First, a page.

Who hasn't dreamed of ditching their day job to help change the world? John Wood stopped dreaming one day and actually gave it a shot.

At 35, the director of business development for Microsoft's Greater China Region called it quits following a life-altering trek through Nepal then launched Room to Read, a 15-year-old nonprofit that's on track this year to reach 10 million children through its literacy and girls' education programs. But creating a movement like his isn't natural for someone steeped in the business world. Here's how Wood navigated the bumpy transition in a discussion that's been edited for clarity.

 

Take me back to the beginning of the end at Microsoft. Why did you leave what seemed to be a stable and successful career?

I never expected to end up in that position. In 1998, I was celebrating my seventh anniversary with Microsoft by going on a three-week trek in the Annapurna region of Nepal. It's a 180-mile trek. On the second day I met a headmaster and, like at many schools, his was somewhat sad because all the kids were showing up but their library was completely empty. I came back 13 months later with books on the back of eight donkeys.

I knew I'd be sucked back into the corporate machine and that this would be a part-time hobby and I'd maybe create one library a year. Meanwhile, the education divide would get worse and worse. I had to extricate myself.

 

What's been the biggest challenge transitioning from a business point of view to the nonprofit world?

I didn't make enough money at Microsoft to start a foundation. I made enough to start a charity. Basically I had to be fundraising in the early years and that was tough because I had no fundraising experience. It was hard to be taken seriously and, of course, 2000 was a terrible time to launch. Then we had 9/11. In the early years, if I knew what the first two years would have been like, I wouldn't have done it.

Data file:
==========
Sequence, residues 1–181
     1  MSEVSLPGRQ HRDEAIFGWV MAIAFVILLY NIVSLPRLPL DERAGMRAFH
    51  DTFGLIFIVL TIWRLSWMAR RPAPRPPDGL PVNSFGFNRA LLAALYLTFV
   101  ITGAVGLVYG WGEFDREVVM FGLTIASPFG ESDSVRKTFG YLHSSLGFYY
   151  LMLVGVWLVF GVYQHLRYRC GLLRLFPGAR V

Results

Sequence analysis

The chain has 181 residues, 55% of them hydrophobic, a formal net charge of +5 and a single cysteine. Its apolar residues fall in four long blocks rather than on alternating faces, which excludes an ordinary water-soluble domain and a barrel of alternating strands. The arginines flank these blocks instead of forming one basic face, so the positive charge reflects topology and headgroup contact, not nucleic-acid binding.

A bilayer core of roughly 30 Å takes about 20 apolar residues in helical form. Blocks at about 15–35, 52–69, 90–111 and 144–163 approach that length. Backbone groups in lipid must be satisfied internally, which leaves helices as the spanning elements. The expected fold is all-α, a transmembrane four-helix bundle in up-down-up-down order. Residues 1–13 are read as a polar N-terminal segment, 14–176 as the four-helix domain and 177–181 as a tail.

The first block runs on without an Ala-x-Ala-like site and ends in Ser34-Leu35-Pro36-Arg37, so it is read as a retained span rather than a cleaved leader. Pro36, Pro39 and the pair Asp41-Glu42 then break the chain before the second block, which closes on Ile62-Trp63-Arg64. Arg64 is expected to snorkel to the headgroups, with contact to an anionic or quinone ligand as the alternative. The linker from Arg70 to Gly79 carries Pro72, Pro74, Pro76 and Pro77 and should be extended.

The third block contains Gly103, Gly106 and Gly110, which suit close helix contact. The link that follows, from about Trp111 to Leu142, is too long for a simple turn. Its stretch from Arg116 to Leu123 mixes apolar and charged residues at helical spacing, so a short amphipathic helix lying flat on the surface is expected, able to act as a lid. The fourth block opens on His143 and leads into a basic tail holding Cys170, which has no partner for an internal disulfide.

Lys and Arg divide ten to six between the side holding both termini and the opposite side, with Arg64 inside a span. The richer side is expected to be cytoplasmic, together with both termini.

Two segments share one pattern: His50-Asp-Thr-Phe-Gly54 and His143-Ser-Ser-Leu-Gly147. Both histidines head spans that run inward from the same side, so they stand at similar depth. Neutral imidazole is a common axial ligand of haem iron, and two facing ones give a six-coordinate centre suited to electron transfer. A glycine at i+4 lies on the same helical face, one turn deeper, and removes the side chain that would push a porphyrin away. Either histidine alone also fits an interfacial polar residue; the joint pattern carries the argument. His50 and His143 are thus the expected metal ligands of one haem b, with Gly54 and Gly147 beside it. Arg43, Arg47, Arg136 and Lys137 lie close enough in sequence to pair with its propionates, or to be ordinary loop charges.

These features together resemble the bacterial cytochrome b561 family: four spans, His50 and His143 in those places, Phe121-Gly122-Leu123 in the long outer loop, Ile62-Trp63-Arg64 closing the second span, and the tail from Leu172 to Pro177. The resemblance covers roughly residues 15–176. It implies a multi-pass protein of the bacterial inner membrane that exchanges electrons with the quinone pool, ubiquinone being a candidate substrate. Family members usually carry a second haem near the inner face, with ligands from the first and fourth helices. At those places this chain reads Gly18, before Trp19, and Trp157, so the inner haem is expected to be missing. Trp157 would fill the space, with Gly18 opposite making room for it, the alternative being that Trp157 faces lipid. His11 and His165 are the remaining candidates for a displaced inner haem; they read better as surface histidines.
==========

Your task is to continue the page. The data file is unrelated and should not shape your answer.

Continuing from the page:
What became the tipping point?

The first one was when Fast Company wrote a pretty glowing profile, which led to this incredible deluge of messages from people like Seth Godin and those wanting to fundraise.

Another was when I published my book Leaving Microsoft to Change the World. At the time we were probably a $5 million to $6 million-a-year organization. Last year we finished at over $50 million. The book really started the feedback cycle: the more they sold, the more readers would take action--and that led to more speaking opportunities.

 

Tell me about the importance of goal setting.

I'm a big fan of Jim Collins. We decided we'd set a big hairy audacious goal of reaching 10 million students by 2020. I've always believed--working for people like Steve Ballmer and Bill Gates--that bold goals attract bold people. Wimpy goals attract wimpy people.

The founding team all gave up the private sector to be in the literary space. We said, "If we're going to do this let's hope bold goals attract bold people." We're hitting our goal five years early.

 

Many business leaders have causes they feel strongly about. What's the key to transforming a passion into a legitimate movement?

You have to be as egoless as possible and do everything in your power to invite people in--to let them know it's not your cause but our cause.

 

Which business lessons did you use to help scale Room to Read?

Measurement, measurement, measurement. Microsoft didn't invent measurement but you were certainly held to high standards. The questions asked in a business review meeting were very intense and data driven. In the charity world, when you hear people speak, there's a lot of blah, blah, blah and process, goals and emotion. We've tried to go with the data--not just quantity but quality, like reading comprehension.

Secondly, you have to control your costs and that has to start from the top. We want to be like Southwest Airlines and where more money goes to educating children.

 

In Nepal, your literacy programs have helped more than 3,000 girls and 3,700 communities. What happens now given the tragedy there?

We'll know more soon. Our teams have been fully focused to make sure everybody has been accounted for--all 190 employees are accounted for. Some have lost families or homes. They've been focused on that.

We know over one-quarter of Room to Read's programs in Nepal are in two of the provinces hit by the earthquake. It would be a great miracle if every one of those schools and libraries wasn't affected.

Published on: May 6, 2015